# ​What complex numbers can tell us about the Multiverse?

There is an ongoing debate among mathematicians and philosophers on the nature of the realm where all mathematical activities are performed. But, before I pose the problem, we need to answer a pertinent question: “A realm? Do you mean like… our minds or what?” No. I mean metaphysical entity mathematicians are studying just like physicists are studying the physical universe. One can intuitively convince oneself how it is possible to think about natural numbers along these lines. Natural numbers are relatively easy to imagine and, for example, it is the law of the realm of natural numbers that Fermat’s Last Theorem, $a^n+b^n=c^n$ has no solutions for non-zero $a,b,c$ and $n>2$,

holds, as proved by Prof Sir Andrew Wiles in 1994. Once one realizes what to substitute in place of natural numbers so as to make assertions about the whole mathematical realm, not just natural numbers, the generalization quickly becomes as compelling.

##### The mathematical realm

The mathematical realm starts with an empty set $V_0 = \varnothing$, a set having no elements. Then, we take its powerset, the set of all subsets of the empty set, namely, the set consisting of the empty set $V_1 = \{\varnothing\}$. After that, we have the set of all subsets of the set consisting of the empty set, the set $V_2 = \{\varnothing,\{\varnothing\}\}$. And so on, until the whole universe, $V$ unfolds. In $V$, every mathematical individual can be accommodated, and thus, $V$ is the ultimate realm of mathematical practice. But is it?

##### The problem

While the idea of a single, ultimate mathematical universe is tempting and convincing at first glance, there are a plethora of issues with this approach. The problem arises due to Gödel’s incompleteness theorems implying that:

• There are statements which can neither be proved nor disproved using mathematical methods;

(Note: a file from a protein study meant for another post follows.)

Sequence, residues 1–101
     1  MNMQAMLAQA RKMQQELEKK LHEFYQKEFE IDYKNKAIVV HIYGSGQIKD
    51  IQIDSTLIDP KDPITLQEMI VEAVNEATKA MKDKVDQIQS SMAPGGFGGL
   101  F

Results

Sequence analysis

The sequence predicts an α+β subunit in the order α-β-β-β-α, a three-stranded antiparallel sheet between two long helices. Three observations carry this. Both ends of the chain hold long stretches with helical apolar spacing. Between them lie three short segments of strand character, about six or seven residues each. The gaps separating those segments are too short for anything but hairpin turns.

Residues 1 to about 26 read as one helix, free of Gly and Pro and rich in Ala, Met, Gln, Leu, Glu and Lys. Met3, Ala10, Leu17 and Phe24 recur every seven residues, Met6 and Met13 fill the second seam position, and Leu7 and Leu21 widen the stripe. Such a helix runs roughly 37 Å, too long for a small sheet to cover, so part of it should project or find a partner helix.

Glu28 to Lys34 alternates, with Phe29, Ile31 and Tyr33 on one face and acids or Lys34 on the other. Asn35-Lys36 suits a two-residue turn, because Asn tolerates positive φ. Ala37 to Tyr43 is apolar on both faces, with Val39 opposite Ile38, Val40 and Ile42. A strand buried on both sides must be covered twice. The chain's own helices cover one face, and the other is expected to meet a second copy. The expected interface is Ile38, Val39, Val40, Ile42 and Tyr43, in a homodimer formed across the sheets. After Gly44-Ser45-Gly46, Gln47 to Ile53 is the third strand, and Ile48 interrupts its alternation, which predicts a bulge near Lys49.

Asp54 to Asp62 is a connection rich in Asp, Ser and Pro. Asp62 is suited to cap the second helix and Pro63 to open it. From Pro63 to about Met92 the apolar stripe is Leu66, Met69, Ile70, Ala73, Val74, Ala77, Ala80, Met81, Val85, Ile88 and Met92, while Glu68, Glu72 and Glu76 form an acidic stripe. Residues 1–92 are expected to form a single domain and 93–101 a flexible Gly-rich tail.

• It is impossible to prove that mathematics is consistent, i.e., there might be a statement $\varphi$ such that both $\varphi$ and $\neg \varphi$ are provable.

Thus, any candidate for an ultimate, true mathematical realm must address Gödel’s incompleteness, at least in some way. It follows from Gödel’s theorems that there is a statement $\psi$ we can consistently adjoin to the fundamental laws of mathematics, but, at the same time, we can do the same for its negation $\neg \psi$. Which one should we choose? We certainly can’t adjoin both of them as that would yield an inconsistent theory! However, we shall not focus on this problem and assume that the truth value of each statement $\psi$ can be verified by some extrinsic means or other methods. Still, can we talk about the mathematical universe? The result of the following limit is well known: $\lim_{x \to 0^+} \frac{1}{x} = \infty$.

But accepting $\infty$ as an object (so we can write $\infty \in A$ for some set $A$) is not the same as accepting all its approximations (larger and larger numbers) as objects. Similarly, accepting $V_\alpha$ for all $\alpha$ is not the same as accepting $V$. This argument is too weak and is only for analogy purposes. Let me now argue for the contrary.

##### The realm of complex numbers

Let me quickly describe what is a field in mathematics. A field is a set $F$ together with two operations addition ( $+$) and multiplication ( $\cdot$) that satisfies certain features so that it behaves similarly to the real numbers, rational numbers, complex numbers, or Galois fields.

Observation.

Field theory is a part of set theory.